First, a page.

When it comes to the cheapest places to live in Switzerland, Obwalden is another great option. That said, the cost of living will depend on exactly where you live in this economically diverse canton. For example, residing in rural villages such as Lungern and Giswil is more affordable than in the historic center of Sarnen or Kerns. House prices reflect the economic realities of Obwalden, too. As such, you might expect to pay between CHF 370,500 and CHF 3,302,000 for a house or CHF 1,100 to CHF 2,946 on renting an apartment.
Nevertheless, you’ll enjoy some of the lowest taxes in Europe. Indeed, these were slashed in 2007, which might balance things out. Furthermore, thanks to a well-developed network of roads and railways, you’ll be within easy reach of major centers like Zurich and Lucerne.
Not to mention you’ll get to enjoy all the breathtaking scenery the canton has to offer, coupled with an unbeatable quality of life. It’s also an especially attractive proposition for German-speaking students since the University of Lucerne is easily accessible. There are plenty of technical colleges to choose from too.
A plethora of advantages come together to make Neuchâtel a top choice for expats looking to settle in Switzerland. However, only some of them make it a contender for the cheapest place to live in Switzerland. For instance, residents can benefit from affordable health insurance and a tax deduction of up to CHF 19,000 for childcare. Salaries are nothing to sneeze at either, with the average hovering around CHF 6,200/month. As for housing, a city-center three-bedroom apartment costs around CHF 1,886/month to rent and CHF 350,000 to CHF 2,800,000 to buy. In addition, you’ll pay just CHF 65 for a monthly transport pass, and perhaps CHF 100 for a three-course meal for two. And people say you can’t find a good deal in Switzerland!
Neuchâtel is also an attractive proposition for other reasons. A charmingly classic Swiss canton, it boasts many cultural and commercial attributes. These include UNESCO-listed sites, museums, schools, twee towns, and thrilling outdoor activities. The canton is also home to numerous major brands, including Rolex, Breitling, Kiko Milano, Bata, and Zara, as well as major universities, so there are opportunities to find work. It’s also expat-friendly, with around 25% of the population being foreign-born.
You might not have even heard of the canton of Thurgau, but it regularly crops up as the cheapest place to live in Switzerland. Located in the country’s northeast, near the German border, it boasts an admirable Alpine climate as well as vineyards, hills, picturesque villages, and charming timbered housing. In fact, the capital of Frauenfeld is surprisingly affordable. As such, you can buy an apartment for around CHF 410,000. Nicer properties in the city center, on the other hand, will cost up to CHF 1,223,6000. If you’re renting, however, you might only pay CHF 950 to CHF 1,050/month for an apartment.
Although salaries here are comparatively low – around CHF 5,000 on average – the cost of living is also quite low. Because of this, you can expect to pay around CHF 138/month for utilities, CHF 100/month for public transport, and CHF 100 for a three-course meal for two at a nice restaurant.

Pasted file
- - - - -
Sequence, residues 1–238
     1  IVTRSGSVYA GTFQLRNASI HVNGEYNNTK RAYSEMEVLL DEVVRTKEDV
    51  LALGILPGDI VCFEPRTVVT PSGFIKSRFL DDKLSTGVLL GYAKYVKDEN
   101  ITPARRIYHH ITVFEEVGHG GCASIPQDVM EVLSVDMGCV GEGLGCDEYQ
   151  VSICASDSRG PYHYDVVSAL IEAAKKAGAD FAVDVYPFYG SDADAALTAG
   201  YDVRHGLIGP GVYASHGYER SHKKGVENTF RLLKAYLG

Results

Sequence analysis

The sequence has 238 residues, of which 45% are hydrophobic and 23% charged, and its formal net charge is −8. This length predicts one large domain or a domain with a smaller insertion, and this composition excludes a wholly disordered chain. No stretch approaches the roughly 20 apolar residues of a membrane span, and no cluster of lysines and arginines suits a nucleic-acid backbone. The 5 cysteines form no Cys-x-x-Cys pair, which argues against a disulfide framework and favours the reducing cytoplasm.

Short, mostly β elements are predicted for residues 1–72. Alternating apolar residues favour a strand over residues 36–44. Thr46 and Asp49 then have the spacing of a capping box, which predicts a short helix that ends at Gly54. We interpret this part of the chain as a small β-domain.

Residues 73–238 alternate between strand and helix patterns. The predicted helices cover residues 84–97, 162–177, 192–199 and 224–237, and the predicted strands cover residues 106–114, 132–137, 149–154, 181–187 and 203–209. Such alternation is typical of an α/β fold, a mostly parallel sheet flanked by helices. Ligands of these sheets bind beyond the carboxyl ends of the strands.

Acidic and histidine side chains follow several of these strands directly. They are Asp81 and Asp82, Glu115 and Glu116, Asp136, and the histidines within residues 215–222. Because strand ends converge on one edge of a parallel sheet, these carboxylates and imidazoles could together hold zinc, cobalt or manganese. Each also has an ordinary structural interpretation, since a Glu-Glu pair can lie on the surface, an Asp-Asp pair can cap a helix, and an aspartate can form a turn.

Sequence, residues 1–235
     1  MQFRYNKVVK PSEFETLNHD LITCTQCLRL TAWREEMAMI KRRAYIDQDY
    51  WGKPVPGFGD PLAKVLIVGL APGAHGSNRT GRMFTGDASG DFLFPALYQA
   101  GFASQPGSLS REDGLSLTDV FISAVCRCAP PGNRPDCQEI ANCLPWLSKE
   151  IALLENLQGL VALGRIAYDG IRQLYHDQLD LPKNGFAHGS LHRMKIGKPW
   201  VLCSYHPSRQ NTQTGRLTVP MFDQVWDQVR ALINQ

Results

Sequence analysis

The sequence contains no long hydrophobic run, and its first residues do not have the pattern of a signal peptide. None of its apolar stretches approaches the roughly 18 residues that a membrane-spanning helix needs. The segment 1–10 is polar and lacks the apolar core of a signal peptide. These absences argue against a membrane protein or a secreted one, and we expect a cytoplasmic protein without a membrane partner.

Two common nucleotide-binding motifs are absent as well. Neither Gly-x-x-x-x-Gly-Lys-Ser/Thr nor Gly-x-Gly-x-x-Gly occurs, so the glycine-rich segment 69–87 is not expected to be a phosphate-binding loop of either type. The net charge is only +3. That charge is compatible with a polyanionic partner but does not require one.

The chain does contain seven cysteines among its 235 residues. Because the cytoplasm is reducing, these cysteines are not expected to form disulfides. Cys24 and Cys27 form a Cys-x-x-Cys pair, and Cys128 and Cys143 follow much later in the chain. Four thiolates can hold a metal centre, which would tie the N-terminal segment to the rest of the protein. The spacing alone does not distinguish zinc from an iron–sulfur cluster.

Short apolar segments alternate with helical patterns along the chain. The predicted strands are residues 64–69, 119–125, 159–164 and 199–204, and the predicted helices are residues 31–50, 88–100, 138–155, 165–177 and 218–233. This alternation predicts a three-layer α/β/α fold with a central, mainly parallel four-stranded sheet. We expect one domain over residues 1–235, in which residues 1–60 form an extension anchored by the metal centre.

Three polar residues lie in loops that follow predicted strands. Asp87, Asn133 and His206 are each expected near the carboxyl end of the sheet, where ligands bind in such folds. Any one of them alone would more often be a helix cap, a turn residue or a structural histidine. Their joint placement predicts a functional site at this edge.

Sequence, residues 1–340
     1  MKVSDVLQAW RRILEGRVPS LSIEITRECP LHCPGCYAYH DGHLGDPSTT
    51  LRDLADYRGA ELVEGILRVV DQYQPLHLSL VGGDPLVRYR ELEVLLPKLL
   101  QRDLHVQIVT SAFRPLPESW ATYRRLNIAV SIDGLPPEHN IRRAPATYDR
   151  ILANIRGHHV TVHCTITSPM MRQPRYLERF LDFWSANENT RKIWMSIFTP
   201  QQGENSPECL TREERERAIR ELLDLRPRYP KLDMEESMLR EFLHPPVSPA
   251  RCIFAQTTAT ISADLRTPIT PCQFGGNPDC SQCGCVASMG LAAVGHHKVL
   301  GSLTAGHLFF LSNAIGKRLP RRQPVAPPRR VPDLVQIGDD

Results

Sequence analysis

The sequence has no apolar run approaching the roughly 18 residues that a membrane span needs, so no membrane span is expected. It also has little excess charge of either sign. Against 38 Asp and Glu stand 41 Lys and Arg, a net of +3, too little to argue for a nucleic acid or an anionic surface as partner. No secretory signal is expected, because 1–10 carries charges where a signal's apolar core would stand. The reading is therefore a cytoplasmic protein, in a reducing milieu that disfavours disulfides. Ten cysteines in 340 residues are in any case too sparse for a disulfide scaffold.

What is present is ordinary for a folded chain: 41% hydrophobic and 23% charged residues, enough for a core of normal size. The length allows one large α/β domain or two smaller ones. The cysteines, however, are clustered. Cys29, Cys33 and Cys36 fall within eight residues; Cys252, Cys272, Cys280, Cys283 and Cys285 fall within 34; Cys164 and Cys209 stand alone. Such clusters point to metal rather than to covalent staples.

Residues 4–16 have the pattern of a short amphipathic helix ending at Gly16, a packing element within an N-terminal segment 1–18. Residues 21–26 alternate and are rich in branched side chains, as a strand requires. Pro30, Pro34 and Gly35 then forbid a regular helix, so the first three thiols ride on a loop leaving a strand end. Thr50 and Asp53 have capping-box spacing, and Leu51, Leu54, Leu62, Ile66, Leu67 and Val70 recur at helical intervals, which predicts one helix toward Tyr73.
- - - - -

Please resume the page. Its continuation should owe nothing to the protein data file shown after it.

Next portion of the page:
A surprisingly attractive contender for the cheapest place to live in Switzerland, the French-speaking canton of Jura has plenty going for it. Property is, of course, cheap. However, the tax breaks are great, which makes it highly appealing for startups and those looking to invest. The cost of living is practically negligible. As such, you can expect to pay as little as CHF 510/month to rent an apartment (although this can go up to CHF 1,800), along with CHF 123/month for utilities.
There aren’t too many expats, however, with only around 15%. That said, if you do decide to live here, then you’ll be less than three hours away from the hubs of Basel and Paris when you need a break. The capital of the canton, Delémont, is positively resplendent in its medieval architecture. Elsewhere, you’ll get to bask in some of the most exquisite forests and hiking trails in the country.
Home to the Matterhorn, chi-chi ski resorts, and the Rhône Valley vineyards, the canton of Valais has plenty to offer expats seeking adventure. And that’s even before you get to the affordability that makes this a strong contender for the cheapest place to live in Switzerland. Tax breaks are, of course, very attractive. These include a CHF 3,000 minimum tax deduction for childcare and an unlimited tax break for commuters. Health insurance is also very affordable, and rates were raised less than 5% in 2017.
The most expensive area in the canton is its capital, Sion, but even this is incredibly affordable compared to the rest of the country. As such, you can rent a city-center apartment for approximately CHF 1,787, get a monthly transport pass for CHF 100, and indulge in a three-course meal for two for just CHF 93. Not only that, but you’ll also get to enjoy the magnificent Swiss Alps, a healthy tourism industry, and a bustling economy dedicated to the service industry, environmentally-friendly energy, and agriculture.